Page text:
It has recently become apparent that patients with COPD commonly suffer skeletal muscle dysfunction, which may be the main cause in the reduction in exercise tolerance.
COPD patients tend to reduce their levels of physical activity as it causes unpleasant effects and results in a vicious cycle where a reduction in physical fitness leads to further impairment of muscle function
Skeletal muscle dysfunction is very common in patients with COPD, and may play an important role in limiting exercise performance. Muscle strength and endurance are both decreased and the muscle is more easily fatigued. Muscle atrophy is largely responsible for the reduction in muscle strength but deconditioning is of major importance as well as nutritional depletion, and steroid use. COPD may also produce a systemic inflammatory response that may adversely affect skeletal muscle function.
Muscle strength is seen to be decreased in patients with COPD and particularly in the lower limbs. An important factor is muscle wastage; either through medical reasons or a lack of exercise due to breathlessness. Muscle endurance and the length of time the muscles can be used also decreases significantly. In biopsies the ratio of different muscle fiber types are altered in COPD patients and type IIa convert to type IIb, resulting in reduced muscle endurance, increased fatigue and a reduction in muscle mass. The number of capillaries within the muscle is also significantly lower in COPD patients as well as the number of mitochondria. Enzymes that are required for metabolism within the muscles are also decreased in COPD patients. This all results in less oxygen reaching the muscle cells and metabolism and function of the cells being adversely affected.
Medications such as steroids which are used to treat exacerbations can also cause muscle wastage. Short-course doses are beneficial to the patient but long-term multiple short-courses requires further study.
Malnutrition is also common with COPD where 35% are less than 90% of their ideal body weight. This results in a reduction in muscle mass and metabolic functions are disrupted. Nutritional supplements however are not a substitute for eating a balanced, healthy and high in calories food plan. Patients can tend to either put on weight from a lack of mobility or lose weight from the increased energy required to breath and a reduction in appetite due to the difficulty of eating and breathing with breathlessness and the need for constant oxygen supplementation.
Deconditioning from disuse is believed to be the major contributing factor in the skeletal muscle dysfunction observed in patients with COPD. When healthy individuals undergo a training program to increase fitness levels physiological and morphological changes are seen and results in muscle larger in mass with increased oxidative capacity and more efficient in its ability. From previous studies it was thought that COPD patients could not reach the same levels of increased muscle efficiency when undergoing the same training program. However studies have shown that a certain level of intensity and duration needs to be reached before the muscle will begin to improve.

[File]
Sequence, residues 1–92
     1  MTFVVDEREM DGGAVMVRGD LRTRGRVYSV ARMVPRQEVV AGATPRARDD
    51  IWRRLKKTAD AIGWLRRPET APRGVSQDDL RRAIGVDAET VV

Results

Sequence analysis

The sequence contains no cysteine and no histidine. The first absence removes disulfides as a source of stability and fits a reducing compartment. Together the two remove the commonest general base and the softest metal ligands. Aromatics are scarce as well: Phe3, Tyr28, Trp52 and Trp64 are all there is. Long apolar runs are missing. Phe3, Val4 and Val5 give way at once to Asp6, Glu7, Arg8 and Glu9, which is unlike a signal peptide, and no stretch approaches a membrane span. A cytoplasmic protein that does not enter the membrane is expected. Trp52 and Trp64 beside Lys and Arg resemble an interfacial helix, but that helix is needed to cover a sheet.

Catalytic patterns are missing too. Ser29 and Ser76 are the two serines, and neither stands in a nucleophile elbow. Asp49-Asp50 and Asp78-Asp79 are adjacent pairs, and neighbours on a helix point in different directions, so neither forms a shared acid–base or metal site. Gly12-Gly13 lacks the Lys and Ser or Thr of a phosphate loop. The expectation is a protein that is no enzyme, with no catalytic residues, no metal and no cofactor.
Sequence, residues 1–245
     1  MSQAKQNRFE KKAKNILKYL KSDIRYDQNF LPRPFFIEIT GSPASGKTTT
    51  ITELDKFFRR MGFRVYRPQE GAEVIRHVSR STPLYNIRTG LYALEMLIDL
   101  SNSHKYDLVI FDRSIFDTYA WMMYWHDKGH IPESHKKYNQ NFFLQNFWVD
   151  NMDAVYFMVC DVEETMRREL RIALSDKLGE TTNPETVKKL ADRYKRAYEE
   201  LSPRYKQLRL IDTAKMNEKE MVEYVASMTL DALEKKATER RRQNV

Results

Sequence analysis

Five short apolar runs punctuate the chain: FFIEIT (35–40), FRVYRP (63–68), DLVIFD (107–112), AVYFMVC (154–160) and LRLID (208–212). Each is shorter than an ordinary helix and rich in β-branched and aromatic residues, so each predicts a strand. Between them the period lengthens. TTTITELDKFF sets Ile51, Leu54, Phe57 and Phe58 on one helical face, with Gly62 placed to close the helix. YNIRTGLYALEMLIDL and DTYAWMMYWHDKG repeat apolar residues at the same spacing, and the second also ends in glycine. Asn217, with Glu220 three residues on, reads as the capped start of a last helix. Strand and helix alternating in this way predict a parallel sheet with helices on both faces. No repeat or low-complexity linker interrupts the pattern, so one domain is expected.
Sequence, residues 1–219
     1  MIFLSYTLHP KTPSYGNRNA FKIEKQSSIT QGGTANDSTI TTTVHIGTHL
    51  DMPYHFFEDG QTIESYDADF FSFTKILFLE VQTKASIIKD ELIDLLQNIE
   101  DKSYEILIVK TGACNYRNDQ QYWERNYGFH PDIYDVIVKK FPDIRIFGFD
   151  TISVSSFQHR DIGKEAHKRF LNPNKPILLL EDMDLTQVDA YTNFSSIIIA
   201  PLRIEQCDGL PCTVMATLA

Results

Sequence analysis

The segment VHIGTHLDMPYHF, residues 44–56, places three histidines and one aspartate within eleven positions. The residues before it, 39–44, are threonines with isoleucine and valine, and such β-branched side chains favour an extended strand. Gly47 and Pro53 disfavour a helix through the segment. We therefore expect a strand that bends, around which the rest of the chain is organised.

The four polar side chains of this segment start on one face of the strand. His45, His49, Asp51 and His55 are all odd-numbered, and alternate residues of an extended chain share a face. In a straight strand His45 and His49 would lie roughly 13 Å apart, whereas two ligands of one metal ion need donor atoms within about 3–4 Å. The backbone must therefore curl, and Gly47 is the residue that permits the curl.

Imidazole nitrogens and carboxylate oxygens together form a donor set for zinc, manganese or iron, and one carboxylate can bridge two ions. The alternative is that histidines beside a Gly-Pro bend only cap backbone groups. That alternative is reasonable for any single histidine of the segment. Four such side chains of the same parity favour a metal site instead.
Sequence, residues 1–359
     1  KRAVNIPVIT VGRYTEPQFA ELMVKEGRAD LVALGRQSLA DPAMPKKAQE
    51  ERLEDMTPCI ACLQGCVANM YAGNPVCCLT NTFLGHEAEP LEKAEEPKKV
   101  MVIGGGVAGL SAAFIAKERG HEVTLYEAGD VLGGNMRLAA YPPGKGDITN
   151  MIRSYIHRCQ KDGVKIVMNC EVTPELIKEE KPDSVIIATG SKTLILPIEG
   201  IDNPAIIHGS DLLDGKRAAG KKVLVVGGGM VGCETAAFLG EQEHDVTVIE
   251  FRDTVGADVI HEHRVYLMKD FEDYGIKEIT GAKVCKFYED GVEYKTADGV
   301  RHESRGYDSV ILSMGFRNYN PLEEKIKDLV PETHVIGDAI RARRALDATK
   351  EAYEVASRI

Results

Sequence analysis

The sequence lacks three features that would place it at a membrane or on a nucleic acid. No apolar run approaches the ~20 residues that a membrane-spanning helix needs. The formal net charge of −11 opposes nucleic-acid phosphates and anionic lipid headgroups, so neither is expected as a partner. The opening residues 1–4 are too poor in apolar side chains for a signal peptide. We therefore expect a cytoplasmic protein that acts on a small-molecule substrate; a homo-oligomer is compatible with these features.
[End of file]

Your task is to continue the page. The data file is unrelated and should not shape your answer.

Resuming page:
Exercise training will improve skeletal muscle function in those with COPD and pulmonary rehabilitation is shown to improve endurance capacity and quality of life, however the type of exercise training should be further studied and bespoke personal exercise plans developed for individuals to to get the maximum potential from their exercise.
Oxygen therapy is provided for patients to help them to breathe but long-term oxygen therapy has been shown to help improve muscle function and metabolism. It also reduces the potential harm of deconditioning as patients on oxygen therapy tend to be more mobile and physically active as they benefit from the positive benefits of supplemental oxygen.
Muscles require constant use, a balanced supply of metabolites from our diet and oxygen in order to work efficiently. Studies have shown that oxygen therapy not only directly affects muscle function positively but it enables patients to be more physically active and exercise more frequently and for longer, which in turn reduces potential deconditioning and helps to build up muscle mass, strength and efficiency.
REFERENCES: www.ncbi.nlm.nih.gov and www.respiratory-research.com
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